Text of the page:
Eurozone’s Banks Look Stronger Than Ever: Positive Performance Bolsters Investor Sentiment

Suzanne Berkery


Eurozone’s Banks Look Stronger Than Ever: Positive Performance Bolsters Investor Sentiment

This article was originally published in The Sunday Times


Eurozone banks reach record high capitalisation levels


Since 2007 the stock market has significantly de-rated the banking sector leaving the Euro Zone banking sector at relatively low valuations compared to the broader Eurozone stock market. The Banking sector in the Euro Zone is now one of the cheapest sectors of the Eurozone stock market.


Higher interest rates in recent years have also significantly improved bank operating margins. Eurozone banks capital generation continues to be strong.


The European Banking Authority (EBA) in its Q4 2023 quarterly Risk Dashboard (RDB) issued earlier this month, reported that EU/EEA banks reached record high capitalisation levels, with the weighted average common equity tier 1 (CET1) ratio (fully loaded) at 15.9%, 50 bps higher than in December 2022.


Banks can also offer growth opportunities, as the economy expands, demand for loans and other financial services typically increases, leading to potential growth in banks’ revenue and profitability.



Eurozone Banks are outperforming US peers


According to analysts at Barclays, the Eurozone’s banks are outperforming their US peers for the first time in more than a decade in return on equity terms. “European bank fundamentals look stronger than ever,” said the bank’s head of European equity strategy Emmanuel Cau.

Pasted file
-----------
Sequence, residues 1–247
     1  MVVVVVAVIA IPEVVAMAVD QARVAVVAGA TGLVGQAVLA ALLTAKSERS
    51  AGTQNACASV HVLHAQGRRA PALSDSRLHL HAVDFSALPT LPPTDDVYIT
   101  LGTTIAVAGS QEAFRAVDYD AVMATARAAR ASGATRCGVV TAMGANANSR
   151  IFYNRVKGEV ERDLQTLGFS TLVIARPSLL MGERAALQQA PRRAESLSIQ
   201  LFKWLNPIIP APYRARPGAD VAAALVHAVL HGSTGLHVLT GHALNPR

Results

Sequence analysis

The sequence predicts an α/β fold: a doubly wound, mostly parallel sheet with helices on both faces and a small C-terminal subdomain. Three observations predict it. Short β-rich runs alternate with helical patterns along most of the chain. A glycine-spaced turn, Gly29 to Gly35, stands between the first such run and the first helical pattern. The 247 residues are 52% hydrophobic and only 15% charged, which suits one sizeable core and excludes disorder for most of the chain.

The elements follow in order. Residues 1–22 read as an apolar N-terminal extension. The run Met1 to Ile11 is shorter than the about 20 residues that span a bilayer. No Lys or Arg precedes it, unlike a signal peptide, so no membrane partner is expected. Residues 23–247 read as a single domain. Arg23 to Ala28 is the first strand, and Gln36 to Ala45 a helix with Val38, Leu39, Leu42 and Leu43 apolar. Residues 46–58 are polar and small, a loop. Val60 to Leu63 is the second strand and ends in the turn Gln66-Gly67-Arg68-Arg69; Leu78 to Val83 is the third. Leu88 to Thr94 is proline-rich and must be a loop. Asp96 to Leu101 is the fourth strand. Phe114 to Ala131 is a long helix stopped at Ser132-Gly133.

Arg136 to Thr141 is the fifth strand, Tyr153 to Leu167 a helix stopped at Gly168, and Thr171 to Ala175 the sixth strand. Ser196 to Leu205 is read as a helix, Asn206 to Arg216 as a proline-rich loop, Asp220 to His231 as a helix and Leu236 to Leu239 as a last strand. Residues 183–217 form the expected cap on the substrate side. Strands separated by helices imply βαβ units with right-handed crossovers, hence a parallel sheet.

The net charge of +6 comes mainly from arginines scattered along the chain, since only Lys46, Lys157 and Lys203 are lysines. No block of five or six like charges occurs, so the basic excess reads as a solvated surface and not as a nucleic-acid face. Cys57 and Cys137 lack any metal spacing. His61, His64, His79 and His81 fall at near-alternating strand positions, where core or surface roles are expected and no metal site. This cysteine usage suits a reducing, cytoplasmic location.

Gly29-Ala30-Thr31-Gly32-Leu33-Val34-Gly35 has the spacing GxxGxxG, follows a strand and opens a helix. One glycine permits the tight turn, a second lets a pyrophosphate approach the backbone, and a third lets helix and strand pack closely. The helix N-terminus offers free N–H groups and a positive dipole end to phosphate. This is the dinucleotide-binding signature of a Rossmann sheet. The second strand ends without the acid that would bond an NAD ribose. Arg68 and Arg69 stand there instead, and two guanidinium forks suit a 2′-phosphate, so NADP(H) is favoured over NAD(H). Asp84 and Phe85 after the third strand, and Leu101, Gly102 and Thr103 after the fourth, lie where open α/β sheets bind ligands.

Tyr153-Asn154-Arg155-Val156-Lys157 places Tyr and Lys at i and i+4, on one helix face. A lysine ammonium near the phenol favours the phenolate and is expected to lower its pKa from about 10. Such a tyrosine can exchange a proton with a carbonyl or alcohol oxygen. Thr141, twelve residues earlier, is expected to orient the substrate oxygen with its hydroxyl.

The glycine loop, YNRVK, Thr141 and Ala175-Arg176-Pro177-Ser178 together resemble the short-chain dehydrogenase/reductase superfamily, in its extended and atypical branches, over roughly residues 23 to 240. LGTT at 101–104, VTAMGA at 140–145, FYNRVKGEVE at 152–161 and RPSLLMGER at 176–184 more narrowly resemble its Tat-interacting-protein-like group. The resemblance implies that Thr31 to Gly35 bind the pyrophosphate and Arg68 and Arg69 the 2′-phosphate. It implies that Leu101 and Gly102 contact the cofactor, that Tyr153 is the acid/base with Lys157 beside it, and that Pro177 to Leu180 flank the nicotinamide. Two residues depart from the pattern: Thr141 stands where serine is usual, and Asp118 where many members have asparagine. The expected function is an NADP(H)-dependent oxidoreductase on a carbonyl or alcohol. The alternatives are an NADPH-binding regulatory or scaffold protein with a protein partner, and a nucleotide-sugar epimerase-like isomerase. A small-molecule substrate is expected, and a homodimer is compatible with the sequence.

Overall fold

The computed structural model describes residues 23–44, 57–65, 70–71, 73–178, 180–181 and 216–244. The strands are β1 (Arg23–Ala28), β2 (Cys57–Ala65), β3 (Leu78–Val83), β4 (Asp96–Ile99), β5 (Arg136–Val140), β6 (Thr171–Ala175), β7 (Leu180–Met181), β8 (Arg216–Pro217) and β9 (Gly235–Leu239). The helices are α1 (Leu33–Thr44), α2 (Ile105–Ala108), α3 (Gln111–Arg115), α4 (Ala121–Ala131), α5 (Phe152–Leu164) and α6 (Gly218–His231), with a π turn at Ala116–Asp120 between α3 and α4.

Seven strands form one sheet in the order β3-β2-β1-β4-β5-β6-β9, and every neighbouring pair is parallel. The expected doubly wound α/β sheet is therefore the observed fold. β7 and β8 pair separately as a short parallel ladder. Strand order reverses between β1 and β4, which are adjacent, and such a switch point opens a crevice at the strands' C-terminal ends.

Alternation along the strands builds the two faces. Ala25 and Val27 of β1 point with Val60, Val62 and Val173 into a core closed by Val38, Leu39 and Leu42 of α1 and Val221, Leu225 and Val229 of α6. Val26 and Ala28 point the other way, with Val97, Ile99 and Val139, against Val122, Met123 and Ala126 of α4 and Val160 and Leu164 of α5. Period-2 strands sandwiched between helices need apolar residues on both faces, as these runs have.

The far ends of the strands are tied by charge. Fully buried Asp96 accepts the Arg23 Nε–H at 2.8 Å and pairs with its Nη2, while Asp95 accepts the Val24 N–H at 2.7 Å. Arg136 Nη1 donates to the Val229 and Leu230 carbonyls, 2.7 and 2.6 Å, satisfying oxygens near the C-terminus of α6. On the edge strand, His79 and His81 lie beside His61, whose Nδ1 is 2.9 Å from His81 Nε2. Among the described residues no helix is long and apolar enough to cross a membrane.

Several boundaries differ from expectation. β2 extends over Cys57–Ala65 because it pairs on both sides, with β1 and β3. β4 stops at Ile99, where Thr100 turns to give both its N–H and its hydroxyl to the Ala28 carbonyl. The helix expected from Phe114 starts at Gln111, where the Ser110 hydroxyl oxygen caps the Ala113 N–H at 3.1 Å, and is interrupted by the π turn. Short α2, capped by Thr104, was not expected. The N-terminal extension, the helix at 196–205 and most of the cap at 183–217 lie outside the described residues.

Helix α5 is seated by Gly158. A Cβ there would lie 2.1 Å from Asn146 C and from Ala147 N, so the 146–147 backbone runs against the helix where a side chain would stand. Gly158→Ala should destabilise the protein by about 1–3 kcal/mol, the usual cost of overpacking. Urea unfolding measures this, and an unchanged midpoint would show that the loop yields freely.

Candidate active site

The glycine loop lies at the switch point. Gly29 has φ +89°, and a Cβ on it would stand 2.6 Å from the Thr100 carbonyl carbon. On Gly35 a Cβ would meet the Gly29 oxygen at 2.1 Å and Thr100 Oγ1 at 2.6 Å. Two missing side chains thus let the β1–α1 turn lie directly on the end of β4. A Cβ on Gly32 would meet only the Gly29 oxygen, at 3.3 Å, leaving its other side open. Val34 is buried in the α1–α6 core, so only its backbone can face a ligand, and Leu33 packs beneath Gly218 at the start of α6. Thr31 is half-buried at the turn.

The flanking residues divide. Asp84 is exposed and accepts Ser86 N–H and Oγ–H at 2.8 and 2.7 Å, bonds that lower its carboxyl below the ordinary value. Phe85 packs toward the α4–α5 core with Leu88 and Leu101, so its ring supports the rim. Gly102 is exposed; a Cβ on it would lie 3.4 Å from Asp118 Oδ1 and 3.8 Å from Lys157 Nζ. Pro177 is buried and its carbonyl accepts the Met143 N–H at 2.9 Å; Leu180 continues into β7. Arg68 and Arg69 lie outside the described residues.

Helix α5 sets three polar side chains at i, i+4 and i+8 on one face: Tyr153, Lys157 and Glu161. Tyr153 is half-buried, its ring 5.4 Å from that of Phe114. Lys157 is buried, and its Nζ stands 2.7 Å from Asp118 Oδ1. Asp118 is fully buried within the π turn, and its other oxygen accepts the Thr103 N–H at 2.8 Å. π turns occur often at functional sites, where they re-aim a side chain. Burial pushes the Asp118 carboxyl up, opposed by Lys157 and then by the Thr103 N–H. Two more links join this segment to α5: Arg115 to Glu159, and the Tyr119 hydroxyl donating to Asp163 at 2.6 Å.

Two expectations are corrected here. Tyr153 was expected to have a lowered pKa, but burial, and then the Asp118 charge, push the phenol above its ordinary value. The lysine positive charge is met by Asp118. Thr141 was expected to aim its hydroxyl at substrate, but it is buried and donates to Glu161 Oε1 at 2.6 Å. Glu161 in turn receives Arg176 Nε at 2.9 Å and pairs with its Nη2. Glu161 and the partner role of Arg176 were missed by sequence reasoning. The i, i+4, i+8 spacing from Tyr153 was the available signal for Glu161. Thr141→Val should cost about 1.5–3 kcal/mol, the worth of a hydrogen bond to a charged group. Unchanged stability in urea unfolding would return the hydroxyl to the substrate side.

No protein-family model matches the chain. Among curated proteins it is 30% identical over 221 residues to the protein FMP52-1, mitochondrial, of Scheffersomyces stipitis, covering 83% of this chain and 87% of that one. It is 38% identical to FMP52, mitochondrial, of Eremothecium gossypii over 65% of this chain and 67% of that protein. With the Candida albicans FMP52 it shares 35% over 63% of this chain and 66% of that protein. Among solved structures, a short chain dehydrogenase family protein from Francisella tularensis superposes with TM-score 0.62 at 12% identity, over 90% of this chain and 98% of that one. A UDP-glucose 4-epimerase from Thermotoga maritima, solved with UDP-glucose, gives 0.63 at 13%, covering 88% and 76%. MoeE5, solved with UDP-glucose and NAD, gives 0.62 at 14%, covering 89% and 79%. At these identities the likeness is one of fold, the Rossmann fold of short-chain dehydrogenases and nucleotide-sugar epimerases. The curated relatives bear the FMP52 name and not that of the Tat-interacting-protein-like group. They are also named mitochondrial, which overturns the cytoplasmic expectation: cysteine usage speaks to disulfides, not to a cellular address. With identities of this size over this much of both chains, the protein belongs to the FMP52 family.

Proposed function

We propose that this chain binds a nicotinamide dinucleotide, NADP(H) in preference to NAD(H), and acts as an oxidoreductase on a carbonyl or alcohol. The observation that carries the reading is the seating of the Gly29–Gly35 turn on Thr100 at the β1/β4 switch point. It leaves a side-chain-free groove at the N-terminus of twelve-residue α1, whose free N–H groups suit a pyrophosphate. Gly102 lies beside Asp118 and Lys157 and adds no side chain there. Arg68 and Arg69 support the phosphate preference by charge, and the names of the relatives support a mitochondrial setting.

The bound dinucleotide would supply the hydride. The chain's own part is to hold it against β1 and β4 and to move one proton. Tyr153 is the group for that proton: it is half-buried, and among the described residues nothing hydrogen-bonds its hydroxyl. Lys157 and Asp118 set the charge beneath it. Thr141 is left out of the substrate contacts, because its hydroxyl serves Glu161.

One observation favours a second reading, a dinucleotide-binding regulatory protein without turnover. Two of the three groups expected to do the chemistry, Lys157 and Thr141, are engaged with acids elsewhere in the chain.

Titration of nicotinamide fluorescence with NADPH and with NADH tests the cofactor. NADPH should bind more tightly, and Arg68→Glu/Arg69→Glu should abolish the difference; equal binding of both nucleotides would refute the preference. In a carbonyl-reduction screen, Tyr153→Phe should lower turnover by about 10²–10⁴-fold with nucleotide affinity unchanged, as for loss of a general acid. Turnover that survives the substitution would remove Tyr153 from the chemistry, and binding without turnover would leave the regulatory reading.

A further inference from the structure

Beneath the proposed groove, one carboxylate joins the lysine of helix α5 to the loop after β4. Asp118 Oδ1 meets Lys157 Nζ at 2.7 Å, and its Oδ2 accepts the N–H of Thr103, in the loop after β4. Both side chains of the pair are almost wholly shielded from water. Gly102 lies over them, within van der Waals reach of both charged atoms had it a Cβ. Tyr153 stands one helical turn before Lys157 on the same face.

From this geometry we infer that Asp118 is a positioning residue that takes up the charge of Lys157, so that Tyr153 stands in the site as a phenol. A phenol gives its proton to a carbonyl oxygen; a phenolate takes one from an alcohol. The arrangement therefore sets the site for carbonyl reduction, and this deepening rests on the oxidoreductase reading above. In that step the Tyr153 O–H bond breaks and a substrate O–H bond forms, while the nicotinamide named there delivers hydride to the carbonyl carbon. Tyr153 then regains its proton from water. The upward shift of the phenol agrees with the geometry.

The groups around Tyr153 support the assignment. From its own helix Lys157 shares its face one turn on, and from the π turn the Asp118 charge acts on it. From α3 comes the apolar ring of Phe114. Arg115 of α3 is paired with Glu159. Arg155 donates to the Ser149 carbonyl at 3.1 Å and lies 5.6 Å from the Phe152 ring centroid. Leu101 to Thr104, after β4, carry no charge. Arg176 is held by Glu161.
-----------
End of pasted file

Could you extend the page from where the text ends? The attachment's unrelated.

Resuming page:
Despite their strong recent performance, European banks are still heavily undervalued compared to their US peers, which have grown faster and been more profitable since the financial crisis.


To address this valuation gap and to regain investor confidence, which had been affected by measures such as dividend bans and windfall taxes implemented since the pandemic, European lenders have promised to return more than €120bn to shareholders this year, through €74bn of dividends and €47bn of share repurchases. This is a 54 per cent increase on the previous year’s capital returns and far higher than every year since at least 2007, according to figures compiled by UBS.


This strategy is being implemented by many lenders as they bolster their stock prices and reassure shareholders of their long-term viability and profitability prospects.


Allied Irish Bank this week announced an EGM on the 02/05/2024 to hold a vote on a proposed contract for the off-market purchase by the Company of ordinary shares from the Minister for Finance (the “Minister”) for a total consideration of €999 million (being €1 billion less expected costs). At the current price this represents 201.7m shares (7.7% of outstanding shares) and will reduce the Irish Government’s holding to 32.27% from 38.97% as of March. AIB intends to cancel the Ordinary Shares which are purchased.


UniCredit, whose shares have more than doubled over the past year has promised to return €8.6bn, its entire profit for 2023, to investors.


As core European banks increasingly return surplus capital via increasing dividends and share buybacks and continue to show resilient earnings, while costs remain under control, we would expect the valuations in the Euro Zone banking sector to improve over future years. The Eurozone banking sectors very low valuations, free cash flow generation plus excess capital may provide some downside protection and rebound potential for the sector in future years.